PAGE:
In the trees! It's coming!
Ruth Prawer Jhabvala is/was a longtime collaborator of the Merchant/Ivory Great Books on Film factory, and there is perhaps the slightest whiff of the pedantically tasteful in her prose style. It's a faultless story — an open-ended parable about spiritual needs and how, and by who, they're met, with reasonable characterizations and a couple quite resonant images and set pieces — but, I dunno... here's the first paragraph:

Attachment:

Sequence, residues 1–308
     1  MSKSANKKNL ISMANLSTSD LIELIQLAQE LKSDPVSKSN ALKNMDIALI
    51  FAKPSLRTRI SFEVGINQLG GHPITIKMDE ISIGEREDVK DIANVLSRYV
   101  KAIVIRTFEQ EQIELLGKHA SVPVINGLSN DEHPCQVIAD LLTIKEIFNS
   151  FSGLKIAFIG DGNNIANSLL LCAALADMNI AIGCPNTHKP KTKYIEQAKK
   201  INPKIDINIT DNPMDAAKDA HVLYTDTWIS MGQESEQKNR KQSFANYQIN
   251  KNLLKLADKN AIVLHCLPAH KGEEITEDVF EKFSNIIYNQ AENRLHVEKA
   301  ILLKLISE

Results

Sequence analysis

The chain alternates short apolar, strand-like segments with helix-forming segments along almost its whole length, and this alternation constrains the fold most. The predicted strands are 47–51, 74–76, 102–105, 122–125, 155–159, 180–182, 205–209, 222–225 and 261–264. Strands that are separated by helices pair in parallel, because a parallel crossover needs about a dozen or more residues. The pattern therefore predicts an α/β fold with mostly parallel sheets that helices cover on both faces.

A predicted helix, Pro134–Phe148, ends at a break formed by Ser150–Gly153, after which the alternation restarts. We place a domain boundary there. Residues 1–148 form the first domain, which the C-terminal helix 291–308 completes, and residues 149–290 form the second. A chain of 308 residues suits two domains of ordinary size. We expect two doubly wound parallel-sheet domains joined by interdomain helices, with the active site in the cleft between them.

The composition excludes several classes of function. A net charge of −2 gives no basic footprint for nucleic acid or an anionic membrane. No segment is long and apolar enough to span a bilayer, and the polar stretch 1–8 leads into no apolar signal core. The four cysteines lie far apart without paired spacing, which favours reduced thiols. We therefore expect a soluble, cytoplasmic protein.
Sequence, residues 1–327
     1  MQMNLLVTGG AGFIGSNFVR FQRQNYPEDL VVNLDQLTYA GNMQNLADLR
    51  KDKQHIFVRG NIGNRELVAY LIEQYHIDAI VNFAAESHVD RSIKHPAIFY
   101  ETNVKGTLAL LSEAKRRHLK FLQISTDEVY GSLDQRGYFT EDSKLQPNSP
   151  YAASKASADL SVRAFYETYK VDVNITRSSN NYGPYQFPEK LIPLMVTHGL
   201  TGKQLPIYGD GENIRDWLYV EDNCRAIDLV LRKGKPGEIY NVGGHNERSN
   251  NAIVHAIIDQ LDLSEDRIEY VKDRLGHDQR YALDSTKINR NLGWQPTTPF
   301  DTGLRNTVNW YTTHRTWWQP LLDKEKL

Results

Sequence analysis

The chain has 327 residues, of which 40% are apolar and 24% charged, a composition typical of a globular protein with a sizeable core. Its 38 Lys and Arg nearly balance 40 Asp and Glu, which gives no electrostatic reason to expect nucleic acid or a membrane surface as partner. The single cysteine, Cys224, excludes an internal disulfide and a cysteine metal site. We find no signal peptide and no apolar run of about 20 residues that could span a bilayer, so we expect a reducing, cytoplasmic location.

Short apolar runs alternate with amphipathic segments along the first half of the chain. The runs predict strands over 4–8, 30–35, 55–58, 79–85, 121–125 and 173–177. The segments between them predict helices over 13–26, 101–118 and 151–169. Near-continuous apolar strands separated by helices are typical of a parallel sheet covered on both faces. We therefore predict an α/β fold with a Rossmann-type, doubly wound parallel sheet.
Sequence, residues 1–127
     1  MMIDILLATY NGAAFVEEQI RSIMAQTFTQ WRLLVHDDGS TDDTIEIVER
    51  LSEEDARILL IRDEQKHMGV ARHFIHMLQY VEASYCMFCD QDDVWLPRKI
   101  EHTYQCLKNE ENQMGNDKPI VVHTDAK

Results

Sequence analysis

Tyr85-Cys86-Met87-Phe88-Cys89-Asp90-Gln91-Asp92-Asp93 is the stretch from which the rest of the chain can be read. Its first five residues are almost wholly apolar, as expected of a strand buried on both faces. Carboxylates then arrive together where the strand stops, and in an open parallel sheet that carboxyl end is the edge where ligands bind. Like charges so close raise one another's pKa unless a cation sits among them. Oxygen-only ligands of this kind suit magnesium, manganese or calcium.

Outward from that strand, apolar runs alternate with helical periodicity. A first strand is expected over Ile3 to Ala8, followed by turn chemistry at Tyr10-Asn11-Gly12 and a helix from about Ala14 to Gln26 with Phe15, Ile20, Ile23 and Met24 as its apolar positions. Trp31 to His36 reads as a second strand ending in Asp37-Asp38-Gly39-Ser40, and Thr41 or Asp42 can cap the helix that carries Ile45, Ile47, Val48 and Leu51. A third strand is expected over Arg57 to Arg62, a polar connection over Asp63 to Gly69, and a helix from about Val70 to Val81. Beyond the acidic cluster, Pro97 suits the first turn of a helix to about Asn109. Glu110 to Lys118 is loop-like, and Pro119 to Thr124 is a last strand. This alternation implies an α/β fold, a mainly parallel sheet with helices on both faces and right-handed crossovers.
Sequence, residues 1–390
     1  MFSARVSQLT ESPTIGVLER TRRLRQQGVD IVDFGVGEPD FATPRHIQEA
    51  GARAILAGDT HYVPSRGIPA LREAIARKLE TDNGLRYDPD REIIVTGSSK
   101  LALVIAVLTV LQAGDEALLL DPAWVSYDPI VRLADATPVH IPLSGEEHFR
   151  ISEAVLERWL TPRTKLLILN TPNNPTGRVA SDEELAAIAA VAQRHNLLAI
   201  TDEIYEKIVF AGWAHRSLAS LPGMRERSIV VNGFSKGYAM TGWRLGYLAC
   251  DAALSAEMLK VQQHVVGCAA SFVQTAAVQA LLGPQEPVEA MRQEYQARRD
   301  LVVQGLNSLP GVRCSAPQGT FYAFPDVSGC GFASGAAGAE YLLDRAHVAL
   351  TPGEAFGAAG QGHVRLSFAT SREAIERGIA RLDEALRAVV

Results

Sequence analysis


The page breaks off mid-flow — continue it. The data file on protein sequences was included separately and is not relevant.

It was the girls who first brought him here. I call them "girls" because of their girlish temperaments, though they were almost middle-aged. Maeve was by far the more emotional of the two, with a habit of turning her pale-blue eyes upward like a saint or a martyr. Betty was sturdier, with a square muscular body to anchor them both. They shared an old house in the town, one of those run-down, peeling places that smell of mold inside. During the two or three years I had known them, their goodness had made them take up several needy causes in the town: pregnant teens, abandoned families, boys caught stealing for drugs. One time, they sheltered a suspected sex offender, which made them very unpopular; when he turned out to be guilty, they remained unrepentant, unshaken in the faith that they had done the right thing.